Resistance Training: Quality Over Quantity

Dependent on the training goal, there may be a time and place for high-repetition resistance training within an individual’s programme. However, far too often I observe trainees attempting to perform ‘forced’ repetitions with improper technique due to excessive fatigue. Most likely this is due to wanting to ‘feel the burn’ or get an ‘extra pump’ when striving for muscle hypertrophy goals (i.e. muscle building), but at what cost? As soon as technique breaks down, the risk of injury is heightened, which has the potential to be extremely damaging in free weight exercises such as a back squat or deadlift. Our team of Accredited Exercise Physiologists are often visited by individuals who have injured themselves from such training and this is the advice we offer…

Focus on quality over quantity!

Rather than grinding out poor ‘forced’ repetitions towards the end of set, recover sufficiently and perform several lower-repetition sets with solid technique. Not only is this a safer option, but your pursuit of hypertrophy is neither hampered. Without getting too scientific, there are several mechanisms underpinning muscle hypertrophy, including mechanical loading, muscle damage and metabolic stress. Specifically, mechanical stress is believed to be the key driver, and in contrast to a traditional bodybuilding approach where sets are performed until failure, there has been growing interest in the use of cluster sets for optimising mechanical loading.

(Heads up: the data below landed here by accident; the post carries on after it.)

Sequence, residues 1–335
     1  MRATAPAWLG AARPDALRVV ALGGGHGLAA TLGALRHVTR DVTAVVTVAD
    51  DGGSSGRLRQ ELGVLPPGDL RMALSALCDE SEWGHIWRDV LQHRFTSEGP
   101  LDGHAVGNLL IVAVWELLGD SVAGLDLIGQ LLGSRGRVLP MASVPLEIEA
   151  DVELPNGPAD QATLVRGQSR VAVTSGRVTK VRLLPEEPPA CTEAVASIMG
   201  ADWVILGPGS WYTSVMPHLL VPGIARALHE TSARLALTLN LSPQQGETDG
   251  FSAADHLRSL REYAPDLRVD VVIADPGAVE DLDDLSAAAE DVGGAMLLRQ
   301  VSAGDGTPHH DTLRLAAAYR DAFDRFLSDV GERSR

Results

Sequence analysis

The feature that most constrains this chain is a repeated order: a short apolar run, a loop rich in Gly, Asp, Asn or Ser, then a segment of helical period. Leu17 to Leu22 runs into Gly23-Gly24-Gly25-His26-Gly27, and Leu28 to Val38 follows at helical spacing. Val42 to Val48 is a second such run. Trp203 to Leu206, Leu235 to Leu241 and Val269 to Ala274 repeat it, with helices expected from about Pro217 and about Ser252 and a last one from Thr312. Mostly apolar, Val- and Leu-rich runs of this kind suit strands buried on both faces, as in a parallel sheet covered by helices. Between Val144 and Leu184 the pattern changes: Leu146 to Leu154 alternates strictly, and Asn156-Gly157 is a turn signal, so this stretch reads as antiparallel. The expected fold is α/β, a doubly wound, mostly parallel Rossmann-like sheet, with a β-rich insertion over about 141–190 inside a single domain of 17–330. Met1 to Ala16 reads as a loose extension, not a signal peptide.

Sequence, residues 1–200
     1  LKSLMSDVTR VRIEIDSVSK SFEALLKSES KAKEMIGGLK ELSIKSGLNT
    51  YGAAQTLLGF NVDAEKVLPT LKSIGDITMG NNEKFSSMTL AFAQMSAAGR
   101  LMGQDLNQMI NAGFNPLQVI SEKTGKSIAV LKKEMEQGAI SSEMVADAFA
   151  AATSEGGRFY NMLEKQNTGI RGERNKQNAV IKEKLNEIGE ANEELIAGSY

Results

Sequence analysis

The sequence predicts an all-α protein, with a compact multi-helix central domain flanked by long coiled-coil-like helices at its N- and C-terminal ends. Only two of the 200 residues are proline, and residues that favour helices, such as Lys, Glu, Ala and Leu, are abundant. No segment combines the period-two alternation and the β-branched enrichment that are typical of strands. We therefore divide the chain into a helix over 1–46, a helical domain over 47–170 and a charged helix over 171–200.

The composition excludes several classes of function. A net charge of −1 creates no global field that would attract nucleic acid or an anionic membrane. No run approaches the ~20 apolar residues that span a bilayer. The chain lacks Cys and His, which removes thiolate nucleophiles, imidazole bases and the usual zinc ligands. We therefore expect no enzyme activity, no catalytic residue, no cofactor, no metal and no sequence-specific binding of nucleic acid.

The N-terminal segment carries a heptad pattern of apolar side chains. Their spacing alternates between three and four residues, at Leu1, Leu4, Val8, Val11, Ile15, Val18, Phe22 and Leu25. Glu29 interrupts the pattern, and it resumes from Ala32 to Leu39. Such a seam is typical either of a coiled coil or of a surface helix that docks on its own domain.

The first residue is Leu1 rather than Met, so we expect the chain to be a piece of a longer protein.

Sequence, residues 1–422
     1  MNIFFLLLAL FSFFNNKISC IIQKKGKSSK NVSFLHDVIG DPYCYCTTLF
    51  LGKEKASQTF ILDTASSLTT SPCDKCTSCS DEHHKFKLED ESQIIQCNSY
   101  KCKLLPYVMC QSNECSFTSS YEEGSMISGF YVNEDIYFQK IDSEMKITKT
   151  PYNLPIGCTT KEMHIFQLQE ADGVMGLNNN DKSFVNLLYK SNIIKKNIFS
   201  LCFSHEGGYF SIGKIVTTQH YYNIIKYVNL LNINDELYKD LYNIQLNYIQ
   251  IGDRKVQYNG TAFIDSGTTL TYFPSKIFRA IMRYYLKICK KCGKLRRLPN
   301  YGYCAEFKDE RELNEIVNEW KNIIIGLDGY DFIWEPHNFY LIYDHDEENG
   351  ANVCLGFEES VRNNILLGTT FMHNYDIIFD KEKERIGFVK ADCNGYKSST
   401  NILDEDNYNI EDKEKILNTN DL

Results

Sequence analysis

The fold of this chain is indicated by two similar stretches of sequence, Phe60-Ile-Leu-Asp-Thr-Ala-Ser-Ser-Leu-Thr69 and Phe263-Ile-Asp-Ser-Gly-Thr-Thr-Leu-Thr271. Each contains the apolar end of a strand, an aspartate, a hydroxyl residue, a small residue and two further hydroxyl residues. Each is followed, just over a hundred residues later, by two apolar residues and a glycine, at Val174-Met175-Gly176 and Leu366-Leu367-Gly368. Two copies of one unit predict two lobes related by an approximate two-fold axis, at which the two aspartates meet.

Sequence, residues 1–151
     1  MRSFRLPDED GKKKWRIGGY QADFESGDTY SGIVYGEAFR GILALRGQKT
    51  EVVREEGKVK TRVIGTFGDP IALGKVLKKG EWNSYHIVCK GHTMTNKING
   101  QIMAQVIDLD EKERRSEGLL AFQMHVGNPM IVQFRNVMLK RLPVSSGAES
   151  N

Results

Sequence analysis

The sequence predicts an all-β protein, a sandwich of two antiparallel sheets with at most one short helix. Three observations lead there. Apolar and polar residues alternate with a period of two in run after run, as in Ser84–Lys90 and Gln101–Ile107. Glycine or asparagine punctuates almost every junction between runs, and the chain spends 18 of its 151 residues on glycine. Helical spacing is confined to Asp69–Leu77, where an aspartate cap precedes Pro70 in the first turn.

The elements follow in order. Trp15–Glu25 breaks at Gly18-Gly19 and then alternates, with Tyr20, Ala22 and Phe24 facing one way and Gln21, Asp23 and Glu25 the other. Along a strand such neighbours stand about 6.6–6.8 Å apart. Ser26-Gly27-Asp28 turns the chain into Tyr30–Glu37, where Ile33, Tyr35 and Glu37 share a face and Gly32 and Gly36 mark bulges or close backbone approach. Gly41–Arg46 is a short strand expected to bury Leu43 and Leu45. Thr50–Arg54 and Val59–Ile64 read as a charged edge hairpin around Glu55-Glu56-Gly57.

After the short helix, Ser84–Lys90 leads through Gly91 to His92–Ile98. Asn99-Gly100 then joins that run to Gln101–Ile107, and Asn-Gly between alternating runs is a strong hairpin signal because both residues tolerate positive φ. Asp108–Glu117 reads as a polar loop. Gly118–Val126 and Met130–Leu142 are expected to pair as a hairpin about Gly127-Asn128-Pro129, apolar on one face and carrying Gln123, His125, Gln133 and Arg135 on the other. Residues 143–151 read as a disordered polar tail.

Briefly, cluster sets describe the inclusion of intra-set rest to promote recovery, thereby allowing greater loads to be lifted and more total work (i.e. mechanical loading) to be performed than traditional high-repetition sets. For example, Figure 1 (A) displays a traditional structure of 3 sets x 12 repetitions, and (B) a cluster set structure whereby every 4th repetition is followed by 30 seconds of rest within a set 1. Therefore, if you feel you could benefit from paying more attention to the quality of your resistance training, then consider exploring the potential of cluster sets in your workouts for an alternate pathway to achieving growth and strength!

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Dr Jenny Conlon (BSc, MSc, PhD Sports Science)
Exercise Physiologist

 

 

1 Tufano JJ, Conlon JA, Nimphius S, Brown LE, Seitz LB, Williamson BD, and Haff GG. Maintenance of Velocity and Power With Cluster Sets During High-Volume Back Squats. International journal of sports physiology and performance 11: 885-892, 2016.